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On the death of Karel Gott: The man for the certain melt


The Germans dearest Czech: "Do you know where?" or "bee maja" were his greatest hits - Karel Gott was an artist committed to entertainment. His life, however, told about world politics.

Not once did Karel Gott try to be kind to him. Even in his first, artistically best years, he was always far from the departure of the '68 movement: his hits, his entertainment were housebroken, absolutely anti-experimental - but professional and success-oriented.

Karel Gotts idol was more Frank Sinatra than any songwriter could have ever been: vocally it would have been a waste - for, as his image, "Golden voice from Prague".

Born on July 14, 1939, in Bohemian Pilsen, which was occupied by Nazi Germany, the young Karel Gott actually wanted to become a painter, but turned his back on his talent early on, but singing. He recorded his first records after studying singing at the Prague Conservatory for three years.

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A musician's life: Karel, God of the Schlager

His first single was released in 1963: a Czech version of Henri Mancini's theme song from the movie Breakfast at Tiffany, Moon River. Karel Gott became known overnight in his homeland as a man for the certain enamel, for a timbre that did not sound like Bohemian-Moravian dumpling-humtata, but seemed to breathe internationality, beyond the borders of the Iron Curtain.

Czechoslovakia itself was a country on the move, a laboratory in which many wanted to free themselves from the harsh grip of socialism. In the summer of 1968, Czechoslovakia was crushed by the tanks of Soviet socialism, draconian. This is the background against which to understand the rise of Karel Gotts in the free West.

In 1967, the singer represented his country at the music fair Midem in Cannes and not only won the trophy of the most convincing performer, but also the attention of the Munich music manager Hans R. Beierlein.

With "Do you know where?" (1967, German version of the song to the box office hit "Dr. Schiwago"), "Lady Carneval" (1969) or "Once around the whole world" (1970) Karel Gott became one of the heroes of the German Schlagerwesens. He had, in the eyes of Beierlein, "just the right pinch of exoticism through his Czech accent, he had, like Udo Jürgens, that certain charisma that women like very much, and he could sing excellently and did not seem like an amateur on stage. He was a master. "

Experience as a gap filler in Las Vegas

It was also Beierlein who let Karel Gott - for Austria - compete in the Grand Prix Eurovision de la Chanson. His song "A Thousand Windows", written by Udo Jürgens, ended up as "further sang", but the presence on international television fulfilled its purpose: Karel Gott was a guest in many shows in numerous European countries. Even before his breakthrough in Germany, he had gained experience as a filler in Las Vegas shows.

Karel Gott told the "taz" in 2006: "I wanted to be successful, I want to be admired by women, and it's like this: If I want to conquer a good-looking woman, I have to be a successful man." Karel Gott - that was also a life always untouched by current gender discourses.

This man, whose fanbase consisted of ninety percent of women beyond teenage years, was always in Prague, or wherever he lived, always facing the female gender in diversity. Because, God says: "I am tenor, and tenor is the most popular voice of the man." The woman wants to hear the man in the larch position sing, because that is the preparation for more. "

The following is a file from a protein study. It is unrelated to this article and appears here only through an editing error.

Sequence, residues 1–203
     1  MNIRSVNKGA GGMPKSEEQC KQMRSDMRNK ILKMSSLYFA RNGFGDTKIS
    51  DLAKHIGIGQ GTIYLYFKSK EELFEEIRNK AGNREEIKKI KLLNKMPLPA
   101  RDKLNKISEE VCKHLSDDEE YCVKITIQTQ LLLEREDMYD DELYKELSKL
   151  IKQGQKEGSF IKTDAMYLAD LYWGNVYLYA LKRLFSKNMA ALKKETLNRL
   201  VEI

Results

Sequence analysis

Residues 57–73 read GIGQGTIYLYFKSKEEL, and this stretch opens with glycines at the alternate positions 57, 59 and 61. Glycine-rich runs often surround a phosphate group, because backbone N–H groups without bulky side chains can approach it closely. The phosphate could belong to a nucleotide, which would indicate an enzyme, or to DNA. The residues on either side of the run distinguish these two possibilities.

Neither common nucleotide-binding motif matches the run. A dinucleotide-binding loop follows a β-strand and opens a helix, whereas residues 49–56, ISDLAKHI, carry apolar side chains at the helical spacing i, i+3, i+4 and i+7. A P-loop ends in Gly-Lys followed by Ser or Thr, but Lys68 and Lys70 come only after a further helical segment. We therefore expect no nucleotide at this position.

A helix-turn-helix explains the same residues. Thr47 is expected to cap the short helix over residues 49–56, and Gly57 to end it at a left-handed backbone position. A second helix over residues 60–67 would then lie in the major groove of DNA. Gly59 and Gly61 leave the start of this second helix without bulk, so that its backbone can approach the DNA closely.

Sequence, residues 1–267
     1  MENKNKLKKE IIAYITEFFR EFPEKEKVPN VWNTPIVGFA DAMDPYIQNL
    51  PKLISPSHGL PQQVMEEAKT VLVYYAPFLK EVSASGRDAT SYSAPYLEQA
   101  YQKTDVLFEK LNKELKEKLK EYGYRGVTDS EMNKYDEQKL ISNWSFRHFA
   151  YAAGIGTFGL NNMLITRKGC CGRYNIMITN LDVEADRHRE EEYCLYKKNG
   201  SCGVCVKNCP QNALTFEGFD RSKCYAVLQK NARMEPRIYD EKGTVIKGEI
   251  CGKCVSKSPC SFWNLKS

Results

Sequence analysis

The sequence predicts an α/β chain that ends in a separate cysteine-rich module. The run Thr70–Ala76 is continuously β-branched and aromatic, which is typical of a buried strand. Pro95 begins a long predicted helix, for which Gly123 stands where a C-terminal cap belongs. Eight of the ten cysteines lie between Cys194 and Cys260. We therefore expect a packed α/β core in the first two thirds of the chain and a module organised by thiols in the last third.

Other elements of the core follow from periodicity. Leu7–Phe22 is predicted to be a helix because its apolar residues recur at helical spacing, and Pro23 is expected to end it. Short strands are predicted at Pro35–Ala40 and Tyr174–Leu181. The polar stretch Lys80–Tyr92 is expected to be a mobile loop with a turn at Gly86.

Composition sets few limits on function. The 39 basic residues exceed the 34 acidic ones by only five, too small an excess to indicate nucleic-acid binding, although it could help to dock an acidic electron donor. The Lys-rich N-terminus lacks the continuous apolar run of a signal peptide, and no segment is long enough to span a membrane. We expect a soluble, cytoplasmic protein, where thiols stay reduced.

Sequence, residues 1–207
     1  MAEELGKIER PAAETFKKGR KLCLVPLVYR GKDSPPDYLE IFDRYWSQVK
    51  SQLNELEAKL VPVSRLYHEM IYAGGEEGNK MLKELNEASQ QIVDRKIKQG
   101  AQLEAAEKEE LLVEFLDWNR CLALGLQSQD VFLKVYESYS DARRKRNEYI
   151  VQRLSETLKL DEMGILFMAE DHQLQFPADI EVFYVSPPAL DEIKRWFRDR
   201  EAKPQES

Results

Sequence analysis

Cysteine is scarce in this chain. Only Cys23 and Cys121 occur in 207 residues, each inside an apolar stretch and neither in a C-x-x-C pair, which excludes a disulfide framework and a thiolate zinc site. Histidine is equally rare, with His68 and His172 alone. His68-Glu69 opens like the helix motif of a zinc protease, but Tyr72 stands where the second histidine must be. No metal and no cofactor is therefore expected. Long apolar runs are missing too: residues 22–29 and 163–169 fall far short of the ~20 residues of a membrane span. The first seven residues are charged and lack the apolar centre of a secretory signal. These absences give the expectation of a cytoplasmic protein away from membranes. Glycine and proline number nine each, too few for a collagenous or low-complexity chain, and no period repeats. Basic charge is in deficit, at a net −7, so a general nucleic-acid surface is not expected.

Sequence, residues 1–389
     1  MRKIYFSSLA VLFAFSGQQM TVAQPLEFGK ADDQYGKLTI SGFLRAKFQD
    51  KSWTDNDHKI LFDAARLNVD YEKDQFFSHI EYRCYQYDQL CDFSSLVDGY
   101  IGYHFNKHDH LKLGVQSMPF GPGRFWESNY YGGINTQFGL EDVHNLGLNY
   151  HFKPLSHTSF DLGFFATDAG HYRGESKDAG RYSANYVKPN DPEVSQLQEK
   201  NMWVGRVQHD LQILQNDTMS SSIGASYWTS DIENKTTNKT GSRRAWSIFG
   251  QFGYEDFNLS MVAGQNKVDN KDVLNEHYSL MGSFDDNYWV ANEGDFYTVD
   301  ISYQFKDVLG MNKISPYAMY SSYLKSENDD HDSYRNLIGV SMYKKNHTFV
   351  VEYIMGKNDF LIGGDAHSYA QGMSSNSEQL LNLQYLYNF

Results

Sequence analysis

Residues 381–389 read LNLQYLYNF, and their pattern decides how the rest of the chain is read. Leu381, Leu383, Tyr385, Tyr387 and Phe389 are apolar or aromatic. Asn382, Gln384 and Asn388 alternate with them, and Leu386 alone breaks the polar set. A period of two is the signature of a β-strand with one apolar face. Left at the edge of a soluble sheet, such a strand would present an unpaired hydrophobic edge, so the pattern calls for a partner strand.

He was a guest in all important TV high offices, was almost included in the inventory of Peter Frankenfeld's "music is trumps", Vico Torriani's "The Golden Shot", often at the Peter Alexander shows or Rudi Carrell's "On the Line". He was in the most popular magazine "The Golden Voice of Prague".

Only obliged to the public

But to move to the Federal Republic? He considered it after the Prague Spring in the certainty of finding a dictatorship of the mausoleum in his homeland. He renounced this step, "the home remains home, because in Czech I can express myself best".

That would not have angered him the partly emigrated opposition of his homeland. Probably, however, that Karel Gott signed a party-issued appeal against the Charta 77 group - just when he changed in Germany with the song of the "Bee Maja" Schnulzier to Bierzeltsänger. Whether he did it heartily or out of pure will, not through political dissidence to get any more performances? Karel Gott has never really explained this.

But when in 2009 he was awarded a medal by the Czech President Václav Klaus for the services rendered to his country, Karel Gott responded to criticism of this honor angrily: by stinky fingers in the current cameras of the TV Prima channel. The fat post-socialist discourses on discourse were never Karel Gotts thing. He gladly declared himself an apolitical artist who was only obliged to the public.

The time had passed over him in the last decades anyway. In 2000, he recorded the Alphaville hit "Forever Young" (a "forever young") smart - a version that in 2008 was the basis for a hit with Bushido. The song is an aesthetic principle of hope - without the proud tearfulness of all "My Way" epigones.

Karel Gott was diagnosed with malignant cancer in October 2015; later he claimed to have survived her. In May of this year he recorded a new duet with his 13-year-old daughter. Now the singer, who has entered the song of the bee Maja in the German children's song canon, has died. He was 80 years old.

Source: spiegel

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